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its called architectural racism, if you dont look like us dont come to our community.
forget about the architecture for one moment, a community known for design and designers runs out Apple? beyond the backward sense of trying to bring businesses to a place, one thing to run out crack dealers but to run out a company like Apple who is know for quality design, - sad comment on the state of affairs for attracting not only quailty businesses, but maybe more importantly quality design.


My understanding is that the Portland Landmarks Commission reviews any development proposals that affect designated landmarks or are located within designated historic districts.

For the review guidelines for new construction within Portland designated historic districts
See Historic Resource Protection Overlay Zone, section 33.445.320


As Brian pointed out, the Commission is to be made up of a variety of individuals so that no one special interest rules. Developers and property owners should be full aware when their properties lie within a historic district and should therefore be prepared to follow design guidelines accordingly.

The Landmarks Commission represents the only review for historic properties and districts - so it is a necessary body, especially given the amount of development in Portland these days.

It's no surprise that Randy Rapaport is critical of the Commission, he is also quoted in the same DJC article as saying we can "no longer look to the past for our answers." The interest seems to be that if a building was designed by one of the "great architects" of the past, then it should be preserved, otherwise its expendable.

Just as developers like Rapaport have an advocate for their causes at the city level in the form of the BDS, so do Portlanders in general have an advocate for preserving historic districts in the form of the Landmark's Commission.

My only wish is that they had more power, then buildings like the Rosefriend could maybe be saved.


Val, I agree and disagree with you.

I think it's great if the HLC can help preserve historic buildings. I agree the Rosefriend could use their help.

But I don't think the HLC should be weighing in on the aesthetics of a new building. I like historic architecture enough that I don't think it needs help standing on its own next to modern architecture.


I believe the intent of having the Landmarks Commision review new design in historic districs is try (often ineffectually) to prevent buildings that are poorly designed from degrading the character of a historic neighborhood. I think this is very important. It usually involves architectural monstrosities that are not thought through with respect to their context. That said, I'm not familiar with the particulars of the Apple project, but it sounds like the Commision may be straying from this intent. I think Commisioners need to understand that being "modern" can be compatible with historic contexts, if done well. Unfortunately this begins to tread on some very subjective ground, which 'design guidelines' could not begin to define. I hope that your complaints are at least brought to the attention of the Commission so that they can discover a more nuanced view of what is appropriate in hisortic districts.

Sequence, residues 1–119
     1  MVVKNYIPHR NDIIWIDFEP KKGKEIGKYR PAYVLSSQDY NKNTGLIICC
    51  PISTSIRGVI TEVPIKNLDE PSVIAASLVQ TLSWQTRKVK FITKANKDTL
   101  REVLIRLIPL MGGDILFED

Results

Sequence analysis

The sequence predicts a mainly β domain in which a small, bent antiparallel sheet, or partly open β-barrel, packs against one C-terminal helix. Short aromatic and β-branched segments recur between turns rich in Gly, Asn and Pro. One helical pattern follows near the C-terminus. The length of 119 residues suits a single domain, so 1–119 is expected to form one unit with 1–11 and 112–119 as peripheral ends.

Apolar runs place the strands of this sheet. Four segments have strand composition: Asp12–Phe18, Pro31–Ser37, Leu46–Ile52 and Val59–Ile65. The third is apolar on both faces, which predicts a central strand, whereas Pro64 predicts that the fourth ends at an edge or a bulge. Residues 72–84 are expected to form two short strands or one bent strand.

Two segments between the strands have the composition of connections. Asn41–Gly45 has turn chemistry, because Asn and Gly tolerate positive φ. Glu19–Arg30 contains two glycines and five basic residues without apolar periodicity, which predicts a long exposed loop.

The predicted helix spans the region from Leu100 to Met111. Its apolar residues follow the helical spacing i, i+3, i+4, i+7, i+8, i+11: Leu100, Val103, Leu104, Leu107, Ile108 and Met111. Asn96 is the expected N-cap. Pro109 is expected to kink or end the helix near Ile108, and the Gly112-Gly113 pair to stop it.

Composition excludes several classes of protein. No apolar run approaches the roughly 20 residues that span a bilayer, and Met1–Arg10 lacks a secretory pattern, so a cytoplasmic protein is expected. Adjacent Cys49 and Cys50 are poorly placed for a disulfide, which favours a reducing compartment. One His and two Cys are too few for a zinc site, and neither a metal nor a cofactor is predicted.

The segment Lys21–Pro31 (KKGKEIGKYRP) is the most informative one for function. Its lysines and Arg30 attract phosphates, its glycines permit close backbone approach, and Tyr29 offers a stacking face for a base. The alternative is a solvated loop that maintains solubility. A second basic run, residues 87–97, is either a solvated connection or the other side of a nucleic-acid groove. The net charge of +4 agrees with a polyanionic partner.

I see your point Brian, but without some sort of design/esthetic guidelines in historic districts, the consequences could be devastating. I say its ok to have a mixture of modern and old architecture, just not within designated historic districts, where the goal is to maintain the historic integrity of the district as a whole.


history is made everyday.
i think the goal of the commission should be to save and preserve good historic architecture where ever they are. why not make people who live in these historic districts wear clothing appropriate for the period or not allowing them to drive cars or use cell phones. (doesn't parking a new bmw in front of the 19c house also disturb the historic integrity of the district?) the city should evolve with the times. perhaps the commissioners don't understand what make good architecture and can only see architecture as styles. by not allowing good modern architecture (that is architecture that reflects the time in which we live) is to create disneyland.